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number of facts and statistics with the declarations of those whom American monometallists claim as their best friends, and the admissions of such leading monometallists as

Dr. Robert Giffen, author of Essays in Finance, The Case against Bimetallism, The American Silver Bubble, etc.;

Hon. David A. Wells, LL.D., D.C.L., etc., etc., the most distinguished of all our political economists and a champion of monometallism ;

The London Statist, that stalwart monometallist;

And I claim that these prove the necessity of using both gold and silver together as the basis of our currency.

If the people have a right to demand that all money shall be a just and true measure of value, or the representation of a just and true measure of value, according to Secretary Carlisle,

And if labor itself is the real standard of value, as stated by Doctor David A. Wells,

1 See Appendix, page 84. ? See Appendix, page 85.

12

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Then it is obviousunarai cancer ous to make goidaoce se c tasis of our currency.

If President Ciere arc was right when he said, " I hose a way w: present itseif in the near future for the acestment of our monetary affairs in such a comprehensive and conservative manner as wir a ord to silver its proper place in our currency;" then I may reasonably ask all reasonable monometallists and all reasonable bimetallists fairly to consider the plan I have proposed, for I claim that it is precisely what the President hoped for.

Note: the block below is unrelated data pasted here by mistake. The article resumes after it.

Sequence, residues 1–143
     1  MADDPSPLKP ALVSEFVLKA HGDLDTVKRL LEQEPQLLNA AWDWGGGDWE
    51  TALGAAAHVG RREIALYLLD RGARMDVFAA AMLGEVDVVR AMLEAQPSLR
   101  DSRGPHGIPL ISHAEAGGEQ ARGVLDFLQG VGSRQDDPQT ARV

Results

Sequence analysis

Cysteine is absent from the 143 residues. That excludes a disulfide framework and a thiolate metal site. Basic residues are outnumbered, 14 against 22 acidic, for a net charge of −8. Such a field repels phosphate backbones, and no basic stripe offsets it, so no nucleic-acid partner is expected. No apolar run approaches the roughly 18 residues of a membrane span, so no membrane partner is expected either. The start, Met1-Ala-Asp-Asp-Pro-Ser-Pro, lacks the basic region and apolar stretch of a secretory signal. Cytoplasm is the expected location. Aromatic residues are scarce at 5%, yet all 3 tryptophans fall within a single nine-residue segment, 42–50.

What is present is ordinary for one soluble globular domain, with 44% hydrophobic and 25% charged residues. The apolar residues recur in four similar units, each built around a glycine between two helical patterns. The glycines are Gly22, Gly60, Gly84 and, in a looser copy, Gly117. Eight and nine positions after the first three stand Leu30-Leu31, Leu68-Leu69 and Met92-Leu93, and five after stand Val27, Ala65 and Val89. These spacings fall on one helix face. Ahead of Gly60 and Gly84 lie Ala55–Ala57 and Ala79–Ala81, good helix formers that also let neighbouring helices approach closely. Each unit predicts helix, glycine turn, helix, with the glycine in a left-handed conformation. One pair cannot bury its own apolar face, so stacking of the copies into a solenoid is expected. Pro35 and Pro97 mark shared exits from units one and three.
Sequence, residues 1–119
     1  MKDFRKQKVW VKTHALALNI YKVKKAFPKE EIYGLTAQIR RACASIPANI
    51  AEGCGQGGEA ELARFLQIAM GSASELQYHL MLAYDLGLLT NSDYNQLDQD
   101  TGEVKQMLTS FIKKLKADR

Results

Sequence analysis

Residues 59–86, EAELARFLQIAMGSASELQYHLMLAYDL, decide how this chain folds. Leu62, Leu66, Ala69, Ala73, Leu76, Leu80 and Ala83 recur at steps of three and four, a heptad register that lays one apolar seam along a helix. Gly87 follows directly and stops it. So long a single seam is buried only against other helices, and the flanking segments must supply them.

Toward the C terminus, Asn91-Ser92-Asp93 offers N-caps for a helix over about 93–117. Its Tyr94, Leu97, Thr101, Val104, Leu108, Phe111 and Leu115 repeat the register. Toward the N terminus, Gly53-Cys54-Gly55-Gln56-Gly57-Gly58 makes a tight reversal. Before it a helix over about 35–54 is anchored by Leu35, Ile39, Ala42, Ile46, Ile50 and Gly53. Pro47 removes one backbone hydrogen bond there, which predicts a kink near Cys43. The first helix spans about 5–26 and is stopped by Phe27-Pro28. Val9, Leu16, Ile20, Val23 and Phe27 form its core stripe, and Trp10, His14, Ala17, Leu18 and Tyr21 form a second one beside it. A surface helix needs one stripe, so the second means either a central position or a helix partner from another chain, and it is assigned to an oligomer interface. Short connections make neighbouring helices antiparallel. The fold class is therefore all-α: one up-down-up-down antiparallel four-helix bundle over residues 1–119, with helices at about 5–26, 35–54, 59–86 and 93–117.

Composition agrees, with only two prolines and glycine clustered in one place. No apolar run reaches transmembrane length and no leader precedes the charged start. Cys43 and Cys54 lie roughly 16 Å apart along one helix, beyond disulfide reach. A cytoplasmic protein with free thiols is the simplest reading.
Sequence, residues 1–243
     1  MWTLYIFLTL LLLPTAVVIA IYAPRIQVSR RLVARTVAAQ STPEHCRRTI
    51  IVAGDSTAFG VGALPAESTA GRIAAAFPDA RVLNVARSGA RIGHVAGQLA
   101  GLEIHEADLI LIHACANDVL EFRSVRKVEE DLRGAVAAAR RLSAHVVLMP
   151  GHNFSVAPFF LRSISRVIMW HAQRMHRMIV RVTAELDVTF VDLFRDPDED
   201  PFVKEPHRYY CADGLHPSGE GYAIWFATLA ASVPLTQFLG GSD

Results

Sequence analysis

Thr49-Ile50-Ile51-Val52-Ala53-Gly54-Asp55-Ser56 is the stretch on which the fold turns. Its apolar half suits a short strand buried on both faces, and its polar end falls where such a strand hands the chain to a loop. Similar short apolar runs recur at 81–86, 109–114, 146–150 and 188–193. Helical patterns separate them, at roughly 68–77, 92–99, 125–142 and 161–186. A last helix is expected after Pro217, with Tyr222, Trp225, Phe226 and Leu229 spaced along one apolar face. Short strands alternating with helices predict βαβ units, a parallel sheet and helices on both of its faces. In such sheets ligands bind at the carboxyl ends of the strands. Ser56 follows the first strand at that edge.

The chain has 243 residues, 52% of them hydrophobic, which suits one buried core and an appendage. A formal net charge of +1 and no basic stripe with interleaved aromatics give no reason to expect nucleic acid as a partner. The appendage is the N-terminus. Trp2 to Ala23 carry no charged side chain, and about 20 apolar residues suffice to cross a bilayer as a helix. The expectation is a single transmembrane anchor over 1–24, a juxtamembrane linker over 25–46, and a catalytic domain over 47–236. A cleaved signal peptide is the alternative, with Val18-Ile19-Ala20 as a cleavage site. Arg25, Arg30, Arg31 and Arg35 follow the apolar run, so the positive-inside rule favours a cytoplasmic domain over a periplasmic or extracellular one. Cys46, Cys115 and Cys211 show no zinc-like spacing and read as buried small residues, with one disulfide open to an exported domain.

I am not now debating any question regarding debts already contracted. My plan refers only to providing a currency on a just and safe basis for contracts to be made after the passage of the act.

Safety and equity lie in wedding the two metals together as in that clever ar

See Appendix, page 88. ? See Appendix, page 79.

What the President Hoped For. 75

SS

rangement of the brass pendulum supporting glass tubes containing quicksilver. Increase of heat lengthens the brass arın, and at the same time raises the quicksilver so that the centre of weight in the pendulum is maintained at a constant distance from the point of suspension.

Both our great political parties at their conventions have declared, in the most distinct manner, in favor of preserving the parity of gold and silver, and using both metals together in our currency.

The President and the Secretary of the Treasury and both Houses of Congress have all most distinctly committed themselves to this policy.

The only difficulty is to find some plan to accomplish this in an honest, safe, and permanent way. Such a plan I have endeavored to set forth in my first Letter on Joint-Metallism.?

ANSON PHELPS STOKES. New YORK, April 26, 1894.

See Appendix, page 84. ? See page 5. See also page 121.

APPENDIX.

PRESIDENT CLEVELAND'S MESSAGE, MARCH

29, 1894. . . . . . . . “If both gold and silver are to serve us as money, and if they together are to supply our people a safe and stable currency, the necessity of preserving this parity is obvious.

"I hope a way will present itself in the near future for the adjustment of our monetary affairs in such a comprehensive and conservative manner as will afford to silver its proper place in our currency.”

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